After a median follow-up of 6·2 years, 493 cases of depression were reported. A higher risk of depression was associated with consumption of fast food (fifth (Q5) v. first quintile (Q1): hazard ratio (HR) = 1·36; 95 % CI 1·02, 1·81; P trend = 0·003). The results did not change after adjustment for the consumption of other food items. No linear relationship was found between the consumption of commercial baked goods and depression. Participants belonging to consumption quintiles Q2–Q5 showed an increased risk of depression compared with those belonging to the lowest level of consumption (Q1; HR = 1·38; 95 % CI 1·06, 1·80).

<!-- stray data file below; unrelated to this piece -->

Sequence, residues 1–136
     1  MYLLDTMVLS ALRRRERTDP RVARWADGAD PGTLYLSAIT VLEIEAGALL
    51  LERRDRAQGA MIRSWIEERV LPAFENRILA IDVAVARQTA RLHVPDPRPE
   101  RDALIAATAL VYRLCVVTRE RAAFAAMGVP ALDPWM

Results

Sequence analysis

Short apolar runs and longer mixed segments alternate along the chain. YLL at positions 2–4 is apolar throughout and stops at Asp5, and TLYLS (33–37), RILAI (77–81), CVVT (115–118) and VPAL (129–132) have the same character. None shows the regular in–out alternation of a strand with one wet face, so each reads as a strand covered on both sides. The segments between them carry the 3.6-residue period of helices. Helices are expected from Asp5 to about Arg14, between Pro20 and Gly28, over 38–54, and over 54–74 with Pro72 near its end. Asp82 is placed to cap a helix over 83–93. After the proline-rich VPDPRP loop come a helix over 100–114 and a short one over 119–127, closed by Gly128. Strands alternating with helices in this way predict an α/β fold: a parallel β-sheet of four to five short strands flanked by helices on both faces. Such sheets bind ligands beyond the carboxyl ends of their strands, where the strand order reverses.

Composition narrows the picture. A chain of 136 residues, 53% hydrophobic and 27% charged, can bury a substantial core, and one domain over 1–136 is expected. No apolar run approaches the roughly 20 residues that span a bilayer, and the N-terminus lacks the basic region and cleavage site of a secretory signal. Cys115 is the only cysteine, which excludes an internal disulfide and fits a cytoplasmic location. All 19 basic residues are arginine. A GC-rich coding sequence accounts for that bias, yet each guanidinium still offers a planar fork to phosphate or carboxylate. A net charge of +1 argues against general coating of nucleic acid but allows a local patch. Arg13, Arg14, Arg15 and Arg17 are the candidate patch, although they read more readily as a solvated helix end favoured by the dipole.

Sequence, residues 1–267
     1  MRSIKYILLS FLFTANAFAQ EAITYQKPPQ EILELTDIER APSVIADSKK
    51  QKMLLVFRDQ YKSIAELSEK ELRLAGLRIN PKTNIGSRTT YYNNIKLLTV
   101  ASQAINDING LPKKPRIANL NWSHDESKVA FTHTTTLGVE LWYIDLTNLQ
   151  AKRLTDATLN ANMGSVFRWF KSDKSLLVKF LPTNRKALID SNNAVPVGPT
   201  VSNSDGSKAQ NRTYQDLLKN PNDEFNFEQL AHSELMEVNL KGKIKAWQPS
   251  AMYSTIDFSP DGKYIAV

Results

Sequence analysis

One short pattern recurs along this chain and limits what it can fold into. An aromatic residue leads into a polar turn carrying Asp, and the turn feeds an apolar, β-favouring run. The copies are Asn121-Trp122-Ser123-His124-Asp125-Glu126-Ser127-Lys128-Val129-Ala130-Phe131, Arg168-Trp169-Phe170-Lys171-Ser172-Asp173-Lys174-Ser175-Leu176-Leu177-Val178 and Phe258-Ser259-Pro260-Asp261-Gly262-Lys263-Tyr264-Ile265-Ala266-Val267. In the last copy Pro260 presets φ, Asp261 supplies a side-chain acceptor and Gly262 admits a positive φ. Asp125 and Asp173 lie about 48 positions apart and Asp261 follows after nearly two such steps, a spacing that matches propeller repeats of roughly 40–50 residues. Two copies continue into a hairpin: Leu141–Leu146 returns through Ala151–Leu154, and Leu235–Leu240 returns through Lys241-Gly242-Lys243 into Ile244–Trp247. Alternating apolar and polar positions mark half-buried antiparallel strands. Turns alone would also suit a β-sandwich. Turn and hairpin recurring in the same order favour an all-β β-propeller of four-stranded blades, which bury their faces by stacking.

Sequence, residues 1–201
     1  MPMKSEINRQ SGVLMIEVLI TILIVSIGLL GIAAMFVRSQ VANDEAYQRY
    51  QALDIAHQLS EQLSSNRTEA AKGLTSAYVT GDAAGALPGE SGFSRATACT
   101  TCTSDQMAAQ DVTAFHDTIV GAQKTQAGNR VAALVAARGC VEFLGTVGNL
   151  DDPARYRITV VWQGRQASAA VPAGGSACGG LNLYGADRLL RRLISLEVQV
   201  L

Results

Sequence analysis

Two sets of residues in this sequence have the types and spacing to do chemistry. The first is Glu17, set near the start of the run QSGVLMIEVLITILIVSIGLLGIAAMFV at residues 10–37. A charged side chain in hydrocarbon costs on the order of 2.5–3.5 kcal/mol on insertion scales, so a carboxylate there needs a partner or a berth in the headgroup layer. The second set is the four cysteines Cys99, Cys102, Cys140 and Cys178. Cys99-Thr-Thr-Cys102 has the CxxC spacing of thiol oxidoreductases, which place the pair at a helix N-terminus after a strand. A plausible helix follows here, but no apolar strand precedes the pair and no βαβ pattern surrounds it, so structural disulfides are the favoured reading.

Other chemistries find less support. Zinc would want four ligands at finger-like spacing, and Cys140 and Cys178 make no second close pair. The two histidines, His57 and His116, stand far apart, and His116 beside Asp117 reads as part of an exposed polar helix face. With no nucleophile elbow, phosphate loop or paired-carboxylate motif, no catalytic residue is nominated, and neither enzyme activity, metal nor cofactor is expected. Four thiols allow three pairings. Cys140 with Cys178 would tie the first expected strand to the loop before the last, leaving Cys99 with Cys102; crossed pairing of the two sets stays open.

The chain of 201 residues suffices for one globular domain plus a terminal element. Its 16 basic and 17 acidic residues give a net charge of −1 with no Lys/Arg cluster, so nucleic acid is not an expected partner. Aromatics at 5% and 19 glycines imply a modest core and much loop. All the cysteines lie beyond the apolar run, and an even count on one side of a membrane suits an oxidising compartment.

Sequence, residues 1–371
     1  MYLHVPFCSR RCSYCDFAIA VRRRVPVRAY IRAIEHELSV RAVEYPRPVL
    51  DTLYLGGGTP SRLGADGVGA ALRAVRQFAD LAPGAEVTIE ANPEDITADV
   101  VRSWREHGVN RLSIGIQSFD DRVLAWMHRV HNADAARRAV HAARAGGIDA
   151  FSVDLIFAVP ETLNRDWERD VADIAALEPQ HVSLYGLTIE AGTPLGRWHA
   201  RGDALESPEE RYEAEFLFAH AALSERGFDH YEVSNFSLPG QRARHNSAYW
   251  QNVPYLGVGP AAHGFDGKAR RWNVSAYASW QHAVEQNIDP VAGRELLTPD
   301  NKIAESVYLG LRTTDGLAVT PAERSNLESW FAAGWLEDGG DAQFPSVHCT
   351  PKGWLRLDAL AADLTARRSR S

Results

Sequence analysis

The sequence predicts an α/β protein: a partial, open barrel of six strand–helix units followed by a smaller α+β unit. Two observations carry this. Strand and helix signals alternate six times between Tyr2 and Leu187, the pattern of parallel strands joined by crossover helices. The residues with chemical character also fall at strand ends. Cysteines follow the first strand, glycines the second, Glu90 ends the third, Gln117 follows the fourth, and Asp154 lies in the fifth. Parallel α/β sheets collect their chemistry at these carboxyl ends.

Conclusions: Fast-food and commercial baked goods consumption may have a detrimental effect on depression risk.
Maybe we shouldn't have a McDonald's at Sea-Tac? Airports are pretty depressing already—even if you're going somewhere awesome, you have to take off your shoes and get porno-scanned and wait and wait and wait, all with overpriced drinks.
Thanks to Rob Man. And let us note that many—maybe most—people eat fast food because they're poor (among other factors) (with poverty certainly not itself obviating sadness).